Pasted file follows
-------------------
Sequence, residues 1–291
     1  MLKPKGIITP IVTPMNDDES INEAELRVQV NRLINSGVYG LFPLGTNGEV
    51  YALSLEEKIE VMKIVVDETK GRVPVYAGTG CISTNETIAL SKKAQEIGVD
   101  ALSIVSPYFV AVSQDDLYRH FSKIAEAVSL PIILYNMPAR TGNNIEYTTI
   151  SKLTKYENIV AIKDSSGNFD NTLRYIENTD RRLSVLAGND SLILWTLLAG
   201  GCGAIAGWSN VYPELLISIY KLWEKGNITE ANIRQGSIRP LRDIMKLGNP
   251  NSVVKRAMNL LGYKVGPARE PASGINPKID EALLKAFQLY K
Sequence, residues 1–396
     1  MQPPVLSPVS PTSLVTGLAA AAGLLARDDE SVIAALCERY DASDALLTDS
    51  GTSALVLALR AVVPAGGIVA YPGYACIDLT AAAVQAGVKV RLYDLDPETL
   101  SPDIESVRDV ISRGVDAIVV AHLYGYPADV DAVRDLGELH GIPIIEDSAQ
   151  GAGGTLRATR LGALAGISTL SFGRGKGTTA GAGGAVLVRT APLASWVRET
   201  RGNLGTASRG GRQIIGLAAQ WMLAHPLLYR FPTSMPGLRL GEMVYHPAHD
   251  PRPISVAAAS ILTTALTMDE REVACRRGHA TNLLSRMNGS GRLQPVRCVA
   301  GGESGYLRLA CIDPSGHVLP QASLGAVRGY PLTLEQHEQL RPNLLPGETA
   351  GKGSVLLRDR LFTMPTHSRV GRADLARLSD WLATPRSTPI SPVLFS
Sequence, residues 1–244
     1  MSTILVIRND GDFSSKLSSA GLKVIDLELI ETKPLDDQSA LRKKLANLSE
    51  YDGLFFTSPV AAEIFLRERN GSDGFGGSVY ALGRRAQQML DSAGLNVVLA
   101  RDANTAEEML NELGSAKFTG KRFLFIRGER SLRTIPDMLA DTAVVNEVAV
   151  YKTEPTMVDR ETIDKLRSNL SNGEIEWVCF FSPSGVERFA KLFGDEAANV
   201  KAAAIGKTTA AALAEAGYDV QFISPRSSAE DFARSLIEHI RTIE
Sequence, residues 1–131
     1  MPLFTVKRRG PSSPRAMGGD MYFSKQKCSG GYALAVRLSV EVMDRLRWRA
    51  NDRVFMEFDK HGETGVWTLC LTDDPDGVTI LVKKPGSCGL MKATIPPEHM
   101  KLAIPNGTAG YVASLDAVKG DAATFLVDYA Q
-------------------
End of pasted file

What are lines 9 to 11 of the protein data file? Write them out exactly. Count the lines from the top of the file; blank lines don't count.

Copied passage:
     1  MQPPVLSPVS PTSLVTGLAA AAGLLARDDE SVIAALCERY DASDALLTDS
    51  GTSALVLALR AVVPAGGIVA YPGYACIDLT AAAVQAGVKV RLYDLDPETL
   101  SPDIESVRDV ISRGVDAIVV AHLYGYPADV DAVRDLGELH GIPIIEDSAQ